A decree nisi could be applied for where the spouse did not defend the divorce petition. If the spouse contested the divorce, it was still possible to apply for a decree nisi, although the judge would need to decide at a court hearing whether or not to grant the petition.

Under the Matrimonial Causes Act 1973, prior to the Divorce, Dissolution and Separation Act 2020 (DDSA) taking effect, it was necessary to prove that the marriage had irretrievably broken down before being granted a decree nisi. This required proof of one of three prescribed fault-based facts, including adultery, unreasonable behaviour or desertion. Alternatively, proof of at least 2 years’ separation was required, provided both spouses agreed to a divorce, otherwise proof of at least 5 years’ separation was necessary.

Having been granted a decree nisi, and following a wait of 6 weeks and one day, the application for a decree absolute could be made to the court.

What part does the decree absolute play under the new divorce laws?

The decree absolute remains an essential part of the overall divorce process, but is now referred to as a ‘final order’, and the decree nisi as a ‘conditional order’. The parties no longer ‘petition’ for divorce, but rather the applicant, or applicants (if applying jointly), ‘apply’ for a ‘divorce order’.

Changes in this divorce language were designed to reflect the change of emphasis within the new legislative provisions, with a removal of the requirement to prove certain facts, either by attributing blame or demonstrating a prolonged period of separation. The DDSA removes the need to make unnecessary allegations or wait for at least 2 years. Where the decision to divorce is mutual, the parties are also able to make a joint application to issue proceedings, rather than one spouse being forced to petition against the other.

Under the DDSA, an application for a divorce order must be accompanied by a statement that the marriage has broken down irretrievably, but without having to cite any one of the five facts or produce evidence in support of the breakdown of the marriage. Provided the paperwork is in order, and a signed supporting statement has been submitted to the court by either party, or the couple jointly, the divorce will usually be granted. The statement will be treated as conclusive evidence that any differences are irreconcilable, and the court must go on to make an order. Under the DDSA, it is no longer be possible to contest a divorce, except on very limited grounds, for example, jurisdictional or procedural compliance grounds.

How do I apply for a decree absolute/final order?

You can make a request for a final order using ‘notice of application for a conditional order to be made final’ (the revised Form D36). This can also be found online, but should only be used in divorce proceedings issued on or after 6 April 2022.

How long does a decree absolute/final order take?

The DDSA introduced a new minimum overall timeframe for the divorce process of 6 months. This 26 week wait time is made up of a mandatory period of 20 weeks between issuing proceedings and when the applicant(s) can apply for a conditional order, and the existing minimum 6 week period between the conditional order (decree nisi) and when the order can be made final (decree absolute).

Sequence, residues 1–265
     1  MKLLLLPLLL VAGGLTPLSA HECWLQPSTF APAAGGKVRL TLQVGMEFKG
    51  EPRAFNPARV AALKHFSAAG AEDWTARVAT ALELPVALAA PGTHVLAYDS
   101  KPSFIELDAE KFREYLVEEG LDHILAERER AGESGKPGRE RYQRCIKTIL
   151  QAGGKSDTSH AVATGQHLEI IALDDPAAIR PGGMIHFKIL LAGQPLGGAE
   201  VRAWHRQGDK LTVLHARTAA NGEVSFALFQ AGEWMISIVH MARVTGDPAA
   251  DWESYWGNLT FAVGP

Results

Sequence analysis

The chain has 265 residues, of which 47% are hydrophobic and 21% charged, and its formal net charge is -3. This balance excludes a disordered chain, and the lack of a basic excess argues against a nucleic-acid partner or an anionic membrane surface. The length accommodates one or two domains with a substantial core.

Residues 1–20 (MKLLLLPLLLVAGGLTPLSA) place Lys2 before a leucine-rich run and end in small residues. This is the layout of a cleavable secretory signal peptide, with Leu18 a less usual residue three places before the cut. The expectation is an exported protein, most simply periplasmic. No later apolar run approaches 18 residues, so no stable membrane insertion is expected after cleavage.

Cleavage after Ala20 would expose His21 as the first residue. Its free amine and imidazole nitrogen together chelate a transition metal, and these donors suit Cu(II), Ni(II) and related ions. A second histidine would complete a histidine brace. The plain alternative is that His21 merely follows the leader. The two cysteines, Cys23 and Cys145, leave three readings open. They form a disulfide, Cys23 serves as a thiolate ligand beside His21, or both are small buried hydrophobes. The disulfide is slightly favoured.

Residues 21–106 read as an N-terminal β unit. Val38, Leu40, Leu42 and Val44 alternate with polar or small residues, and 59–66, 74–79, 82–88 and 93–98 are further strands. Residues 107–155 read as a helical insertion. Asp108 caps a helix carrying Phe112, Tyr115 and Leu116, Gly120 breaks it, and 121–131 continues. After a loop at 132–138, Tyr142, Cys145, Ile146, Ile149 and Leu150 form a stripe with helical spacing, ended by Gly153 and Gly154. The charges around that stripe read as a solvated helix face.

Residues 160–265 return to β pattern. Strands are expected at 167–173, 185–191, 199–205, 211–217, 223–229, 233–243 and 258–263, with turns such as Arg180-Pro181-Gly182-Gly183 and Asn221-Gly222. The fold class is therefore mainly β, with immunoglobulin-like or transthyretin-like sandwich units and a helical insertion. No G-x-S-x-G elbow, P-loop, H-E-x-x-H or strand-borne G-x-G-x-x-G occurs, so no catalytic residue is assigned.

Provided one or both parties still want to proceed after the initial 20 week period, an application can be made for a final order. At this stage, the court will check that the time limits have been met and go on to issue a divorce order.

The mandatory 6 month timeframe prescribed under the DDSA is intended to provide the parties with a meaningful period of reflection to consider the possibility of reconciliation. However, the primary focus under the new legislation is on conflict avoidance, helping separated couples to minimise the damaging effects of divorce proceedings, especially where children are involved. Where divorce is inevitable, it’s important for parents to remain on good terms, so that they can co-operate with each other over care and access arrangements.

What happens if you don’t apply for a decree absolute/final order?

Under the DDSA, where either you or your spouse has made a sole application, the other party can apply for a final order after 3 months.

If you and your spouse apply jointly under the DDSA, you should both give notice to the court to make a conditional order final. However, it’s still possible for just one of you to proceed on a sole basis, although notice must first be given to the other party of their intention to give notice to the court that they wish the conditional order to be made final.

What if the application for a decree absolute/final order is out of time?

If you take more than 12 months to apply for a final order, you’ll usually have to explain this delay to the court. This doesn’t mean that the court will necessarily refuse to grant the order, although you’ll need to provide a good reason for failing to apply sooner.

Final order FAQs

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Legal disclaimer

The matters contained in this article are intended to be for general information purposes only. This article does not constitute tax, financial or legal advice, nor is it a complete or authoritative statement of the rules and should not be treated as such.

Whilst every effort is made to ensure that the information is correct, no warranty, express or implied, is given as to its accuracy and no liability is accepted for any error or omission.

Before acting on any of the information contained herein, expert tax, financial, legal or other advice should be sought.

Author

Final Order/Decree Absolute in Divorce 1

Gill Laing is a qualified Legal Researcher & Analyst with niche specialisms in Law, Tax, Human Resources, Immigration & Employment Law.

Gill is a Multiple Business Owner and the Managing Director of Prof Services - a Marketing Agency for the Professional Services Sector.